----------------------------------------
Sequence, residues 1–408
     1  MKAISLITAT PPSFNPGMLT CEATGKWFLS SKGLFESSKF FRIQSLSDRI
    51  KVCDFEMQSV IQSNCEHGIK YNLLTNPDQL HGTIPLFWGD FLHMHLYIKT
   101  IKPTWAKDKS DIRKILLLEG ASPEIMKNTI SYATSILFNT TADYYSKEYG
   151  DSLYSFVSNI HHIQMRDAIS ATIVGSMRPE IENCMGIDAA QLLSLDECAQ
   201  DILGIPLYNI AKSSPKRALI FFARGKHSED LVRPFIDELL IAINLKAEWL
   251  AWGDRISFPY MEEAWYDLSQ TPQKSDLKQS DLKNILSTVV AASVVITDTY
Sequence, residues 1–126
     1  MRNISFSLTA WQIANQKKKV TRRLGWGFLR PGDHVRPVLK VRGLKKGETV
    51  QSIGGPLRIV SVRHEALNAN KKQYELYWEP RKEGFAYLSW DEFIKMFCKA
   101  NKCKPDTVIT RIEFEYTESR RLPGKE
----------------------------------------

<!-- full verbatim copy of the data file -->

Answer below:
Sequence, residues 1–408
     1  MKAISLITAT PPSFNPGMLT CEATGKWFLS SKGLFESSKF FRIQSLSDRI
    51  KVCDFEMQSV IQSNCEHGIK YNLLTNPDQL HGTIPLFWGD FLHMHLYIKT
   101  IKPTWAKDKS DIRKILLLEG ASPEIMKNTI SYATSILFNT TADYYSKEYG
   151  DSLYSFVSNI HHIQMRDAIS ATIVGSMRPE IENCMGIDAA QLLSLDECAQ
   201  DILGIPLYNI AKSSPKRALI FFARGKHSED LVRPFIDELL IAINLKAEWL
   251  AWGDRISFPY MEEAWYDLSQ TPQKSDLKQS DLKNILSTVV AASVVITDTY
Sequence, residues 1–126
     1  MRNISFSLTA WQIANQKKKV TRRLGWGFLR PGDHVRPVLK VRGLKKGETV
    51  QSIGGPLRIV SVRHEALNAN KKQYELYWEP RKEGFAYLSW DEFIKMFCKA
   101  NKCKPDTVIT RIEFEYTESR RLPGKE